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Prisons And Jails Forcing Inmates To Cover Some Medical Care Costs
Kaiser Health News

Correctional facilities are responsible for providing health services to people who are jailed, but that doesn’t mean that prisoners don’t face financial charges for care. In most states they may be on the hook for copayments ranging from a few dollars to as much as $100 for medical care, according to a recent study.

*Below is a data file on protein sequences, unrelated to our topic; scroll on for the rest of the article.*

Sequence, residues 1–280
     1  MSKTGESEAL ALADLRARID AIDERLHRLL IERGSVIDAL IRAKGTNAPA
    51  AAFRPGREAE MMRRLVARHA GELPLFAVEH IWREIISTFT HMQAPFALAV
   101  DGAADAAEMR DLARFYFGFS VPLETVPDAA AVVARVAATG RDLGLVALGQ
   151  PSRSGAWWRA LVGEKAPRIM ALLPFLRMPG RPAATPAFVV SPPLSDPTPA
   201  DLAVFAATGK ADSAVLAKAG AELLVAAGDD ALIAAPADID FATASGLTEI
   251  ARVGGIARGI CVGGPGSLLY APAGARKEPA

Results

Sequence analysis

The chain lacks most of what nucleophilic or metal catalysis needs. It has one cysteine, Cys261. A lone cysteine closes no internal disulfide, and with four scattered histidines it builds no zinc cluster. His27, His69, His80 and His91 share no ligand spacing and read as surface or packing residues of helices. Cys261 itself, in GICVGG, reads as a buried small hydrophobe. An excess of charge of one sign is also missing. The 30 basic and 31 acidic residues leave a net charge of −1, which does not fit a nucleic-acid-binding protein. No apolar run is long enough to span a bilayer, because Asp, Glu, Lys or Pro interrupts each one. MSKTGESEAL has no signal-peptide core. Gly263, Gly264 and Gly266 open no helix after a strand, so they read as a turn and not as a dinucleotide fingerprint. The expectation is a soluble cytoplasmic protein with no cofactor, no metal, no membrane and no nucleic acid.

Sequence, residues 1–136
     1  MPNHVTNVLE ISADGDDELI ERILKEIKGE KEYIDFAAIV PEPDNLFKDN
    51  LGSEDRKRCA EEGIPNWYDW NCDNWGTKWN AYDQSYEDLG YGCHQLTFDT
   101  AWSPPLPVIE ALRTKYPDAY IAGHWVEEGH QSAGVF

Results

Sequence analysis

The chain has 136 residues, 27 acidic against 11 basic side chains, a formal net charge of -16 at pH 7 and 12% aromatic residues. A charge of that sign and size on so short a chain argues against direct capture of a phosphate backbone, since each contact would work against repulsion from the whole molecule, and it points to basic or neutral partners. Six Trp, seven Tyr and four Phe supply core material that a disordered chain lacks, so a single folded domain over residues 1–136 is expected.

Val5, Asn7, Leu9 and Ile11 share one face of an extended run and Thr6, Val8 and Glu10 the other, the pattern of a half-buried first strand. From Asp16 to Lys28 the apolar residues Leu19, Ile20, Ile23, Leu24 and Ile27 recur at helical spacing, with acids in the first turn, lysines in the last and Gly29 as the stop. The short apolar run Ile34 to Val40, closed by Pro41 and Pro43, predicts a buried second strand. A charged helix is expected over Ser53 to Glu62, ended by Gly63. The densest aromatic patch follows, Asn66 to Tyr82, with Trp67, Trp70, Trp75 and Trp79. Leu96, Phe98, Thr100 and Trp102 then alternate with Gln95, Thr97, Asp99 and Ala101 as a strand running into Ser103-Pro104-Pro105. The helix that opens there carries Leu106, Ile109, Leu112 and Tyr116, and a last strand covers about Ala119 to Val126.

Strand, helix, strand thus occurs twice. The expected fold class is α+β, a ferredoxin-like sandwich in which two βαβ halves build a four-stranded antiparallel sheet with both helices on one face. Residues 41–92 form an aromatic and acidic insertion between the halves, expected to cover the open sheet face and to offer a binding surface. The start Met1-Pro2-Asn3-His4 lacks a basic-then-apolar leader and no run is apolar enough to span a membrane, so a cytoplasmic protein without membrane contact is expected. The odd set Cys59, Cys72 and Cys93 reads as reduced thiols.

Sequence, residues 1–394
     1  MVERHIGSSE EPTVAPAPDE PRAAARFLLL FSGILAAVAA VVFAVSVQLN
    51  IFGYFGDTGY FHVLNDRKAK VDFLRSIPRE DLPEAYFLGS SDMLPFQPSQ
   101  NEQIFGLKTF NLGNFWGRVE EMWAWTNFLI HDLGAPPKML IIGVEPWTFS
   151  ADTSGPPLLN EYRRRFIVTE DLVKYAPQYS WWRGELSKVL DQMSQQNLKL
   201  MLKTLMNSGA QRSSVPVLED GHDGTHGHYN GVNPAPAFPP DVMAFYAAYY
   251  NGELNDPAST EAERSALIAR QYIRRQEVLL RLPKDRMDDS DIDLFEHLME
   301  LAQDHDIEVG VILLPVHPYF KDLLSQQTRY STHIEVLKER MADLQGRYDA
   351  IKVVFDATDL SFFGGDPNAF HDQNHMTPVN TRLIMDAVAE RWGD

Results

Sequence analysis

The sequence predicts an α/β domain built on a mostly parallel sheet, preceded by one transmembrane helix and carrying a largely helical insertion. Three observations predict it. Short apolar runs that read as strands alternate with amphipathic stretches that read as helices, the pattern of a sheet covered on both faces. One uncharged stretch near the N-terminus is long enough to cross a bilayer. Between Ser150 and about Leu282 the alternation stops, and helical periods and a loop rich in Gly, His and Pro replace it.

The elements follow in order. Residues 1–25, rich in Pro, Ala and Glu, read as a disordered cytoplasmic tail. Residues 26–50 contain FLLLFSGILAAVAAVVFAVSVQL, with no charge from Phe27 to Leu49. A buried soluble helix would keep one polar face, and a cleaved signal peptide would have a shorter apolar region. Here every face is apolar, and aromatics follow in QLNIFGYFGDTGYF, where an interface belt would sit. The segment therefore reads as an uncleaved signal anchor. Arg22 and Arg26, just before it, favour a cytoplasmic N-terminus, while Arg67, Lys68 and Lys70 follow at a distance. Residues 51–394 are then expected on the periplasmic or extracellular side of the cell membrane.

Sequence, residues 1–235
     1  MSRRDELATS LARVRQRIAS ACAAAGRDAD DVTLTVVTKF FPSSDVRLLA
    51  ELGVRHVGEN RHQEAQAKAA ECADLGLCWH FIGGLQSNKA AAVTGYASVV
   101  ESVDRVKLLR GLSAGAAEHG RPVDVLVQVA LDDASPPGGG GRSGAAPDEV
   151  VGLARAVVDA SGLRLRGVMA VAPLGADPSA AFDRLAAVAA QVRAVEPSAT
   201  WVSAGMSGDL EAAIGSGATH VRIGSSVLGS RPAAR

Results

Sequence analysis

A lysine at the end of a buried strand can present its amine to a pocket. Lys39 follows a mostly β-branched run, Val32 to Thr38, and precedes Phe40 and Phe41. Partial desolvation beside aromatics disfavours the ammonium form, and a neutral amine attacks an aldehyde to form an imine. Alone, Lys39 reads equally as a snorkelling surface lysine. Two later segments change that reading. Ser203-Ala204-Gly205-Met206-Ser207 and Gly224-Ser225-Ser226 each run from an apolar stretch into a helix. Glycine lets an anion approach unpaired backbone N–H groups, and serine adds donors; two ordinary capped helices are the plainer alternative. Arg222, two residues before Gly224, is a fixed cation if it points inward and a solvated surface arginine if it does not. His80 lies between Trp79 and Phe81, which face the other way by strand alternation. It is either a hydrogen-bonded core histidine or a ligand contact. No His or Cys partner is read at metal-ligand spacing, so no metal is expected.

At least 35 states authorize copayments and other fees for medical services at state prisons or county jails, the analysis by the Brennan Center for Criminal Justice at New York University School of Law found. The Federal Bureau Of Prisons also permits inmates to be charged copayments for medical services. Some states and local governments require copayments for emergency treatment and hospitalizations in addition to routine care, says Lauren-Brooke Eisen, senior counsel at the Brennan Center’s justice program who authored the study.

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